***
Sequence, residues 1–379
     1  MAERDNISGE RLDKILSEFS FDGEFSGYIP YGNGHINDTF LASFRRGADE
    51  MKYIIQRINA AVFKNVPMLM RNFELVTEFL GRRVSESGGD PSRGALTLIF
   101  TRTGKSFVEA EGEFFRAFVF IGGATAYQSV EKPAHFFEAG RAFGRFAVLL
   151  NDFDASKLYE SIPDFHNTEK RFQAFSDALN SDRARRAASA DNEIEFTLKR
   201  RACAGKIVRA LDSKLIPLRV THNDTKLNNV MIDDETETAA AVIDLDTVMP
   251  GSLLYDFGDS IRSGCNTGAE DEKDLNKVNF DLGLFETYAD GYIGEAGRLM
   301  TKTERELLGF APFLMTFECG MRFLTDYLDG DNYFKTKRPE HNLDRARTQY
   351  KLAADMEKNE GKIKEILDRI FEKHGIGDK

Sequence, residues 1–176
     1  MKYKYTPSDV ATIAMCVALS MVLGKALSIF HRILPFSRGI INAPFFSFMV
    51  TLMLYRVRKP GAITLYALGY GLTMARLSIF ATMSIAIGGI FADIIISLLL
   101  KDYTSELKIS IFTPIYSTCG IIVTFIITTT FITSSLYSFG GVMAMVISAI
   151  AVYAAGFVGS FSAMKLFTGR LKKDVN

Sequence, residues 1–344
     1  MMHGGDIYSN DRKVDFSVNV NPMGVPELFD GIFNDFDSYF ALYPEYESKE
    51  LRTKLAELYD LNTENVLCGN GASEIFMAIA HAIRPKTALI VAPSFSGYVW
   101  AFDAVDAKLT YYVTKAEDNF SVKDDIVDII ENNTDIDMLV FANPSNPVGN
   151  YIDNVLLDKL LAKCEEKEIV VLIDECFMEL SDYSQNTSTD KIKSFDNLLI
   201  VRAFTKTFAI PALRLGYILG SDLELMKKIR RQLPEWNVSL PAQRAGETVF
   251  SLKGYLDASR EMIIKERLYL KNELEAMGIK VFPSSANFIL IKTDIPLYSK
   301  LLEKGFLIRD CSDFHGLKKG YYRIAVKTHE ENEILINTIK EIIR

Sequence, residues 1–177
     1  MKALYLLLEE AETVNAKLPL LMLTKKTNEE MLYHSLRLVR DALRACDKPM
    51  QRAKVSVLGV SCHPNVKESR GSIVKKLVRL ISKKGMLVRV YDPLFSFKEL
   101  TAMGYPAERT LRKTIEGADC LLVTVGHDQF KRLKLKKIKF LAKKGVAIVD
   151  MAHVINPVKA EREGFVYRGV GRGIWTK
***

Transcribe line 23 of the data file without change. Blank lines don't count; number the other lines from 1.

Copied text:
Sequence, residues 1–177